The distance separating the two edges 38 and 40 thus corresponds to the thickness of front plate 26 added to the thickness of rear plate 28 and to the height of the assembly formed by spacer 38 and wedge 39. Spacer 38 has for instance the form of a U iron of which the base is secured to the inner face of front plate 26. The legs of this U-iron are resting on wedge 39 that is attached to rear plate 38.
It is described on top how the vertical edge of rear plate 28 is held along side post 20. On the side of central post 21, the edge of rear plate 28 is resting against a fourth edge 42 on its outer face. This edge of rear plate 28 is held against fourth edge 42 by means of a small bar 44 that engages into the central post 21. One observes on illustrations 4 and 5, an opening 46 used for engaging the small bar 44 (shown on illustration 3). Also, one observes on illustrations 3 and 6 to 8 that rear plates 28 are provided with fingers 45 enabling to keep these plates on edge 42.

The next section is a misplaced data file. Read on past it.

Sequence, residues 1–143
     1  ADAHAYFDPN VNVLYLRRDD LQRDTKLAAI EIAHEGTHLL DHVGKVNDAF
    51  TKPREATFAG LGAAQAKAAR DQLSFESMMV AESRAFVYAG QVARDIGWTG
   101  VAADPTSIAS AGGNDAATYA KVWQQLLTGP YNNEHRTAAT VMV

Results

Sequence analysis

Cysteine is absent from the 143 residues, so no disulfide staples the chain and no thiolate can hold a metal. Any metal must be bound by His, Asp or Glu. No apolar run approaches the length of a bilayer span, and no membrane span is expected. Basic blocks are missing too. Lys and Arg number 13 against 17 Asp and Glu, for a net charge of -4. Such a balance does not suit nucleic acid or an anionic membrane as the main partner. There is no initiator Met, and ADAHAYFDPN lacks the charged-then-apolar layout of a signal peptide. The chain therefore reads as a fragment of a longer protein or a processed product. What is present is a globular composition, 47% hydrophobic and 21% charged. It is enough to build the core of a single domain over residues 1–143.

Illustrations 5 to 8 illustrate the behavior of panels 18 when a depression occurs in the front of the aircraft, for instance in cockpit 2, in other words, on the side of the front face of second door 12.
In such a case, when second door 12 is closed, it is sucked towards the inside of aisle 8. Frame 16 of second door 12 is rigid and is scheduled to withstand such a depression. Second door 12 is designed in such a way that panels 18 give away and are sucked inside aisle 8.